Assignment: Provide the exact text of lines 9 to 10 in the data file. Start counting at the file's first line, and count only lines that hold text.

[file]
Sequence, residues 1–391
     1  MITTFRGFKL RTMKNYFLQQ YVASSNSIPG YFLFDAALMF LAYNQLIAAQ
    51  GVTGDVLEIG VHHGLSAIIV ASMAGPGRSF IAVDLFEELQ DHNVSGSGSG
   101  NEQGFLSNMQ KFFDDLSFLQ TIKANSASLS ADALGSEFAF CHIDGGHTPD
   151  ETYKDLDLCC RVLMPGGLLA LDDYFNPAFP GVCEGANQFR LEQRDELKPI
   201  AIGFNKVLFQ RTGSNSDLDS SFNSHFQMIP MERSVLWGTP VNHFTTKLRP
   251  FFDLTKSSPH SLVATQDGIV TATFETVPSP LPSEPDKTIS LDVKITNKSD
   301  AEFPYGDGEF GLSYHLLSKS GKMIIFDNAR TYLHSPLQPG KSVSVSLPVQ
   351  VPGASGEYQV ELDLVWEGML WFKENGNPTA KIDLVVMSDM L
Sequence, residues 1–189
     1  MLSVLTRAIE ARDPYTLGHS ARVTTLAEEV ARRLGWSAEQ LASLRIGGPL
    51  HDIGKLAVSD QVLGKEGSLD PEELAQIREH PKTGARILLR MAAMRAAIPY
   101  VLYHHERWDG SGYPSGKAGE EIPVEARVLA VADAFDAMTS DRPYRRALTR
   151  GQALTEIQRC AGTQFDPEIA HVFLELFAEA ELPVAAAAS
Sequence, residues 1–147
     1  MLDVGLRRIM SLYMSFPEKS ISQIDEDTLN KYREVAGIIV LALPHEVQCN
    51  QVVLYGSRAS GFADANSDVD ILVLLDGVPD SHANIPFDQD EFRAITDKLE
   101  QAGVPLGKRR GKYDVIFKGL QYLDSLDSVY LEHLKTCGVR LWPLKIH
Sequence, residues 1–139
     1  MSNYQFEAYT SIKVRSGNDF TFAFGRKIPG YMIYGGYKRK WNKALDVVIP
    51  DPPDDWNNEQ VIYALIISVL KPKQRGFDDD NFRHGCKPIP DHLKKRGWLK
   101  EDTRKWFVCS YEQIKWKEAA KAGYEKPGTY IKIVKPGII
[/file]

   351  VPGASGEYQV ELDLVWEGML WFKENGNPTA KIDLVVMSDM L
Sequence, residues 1–189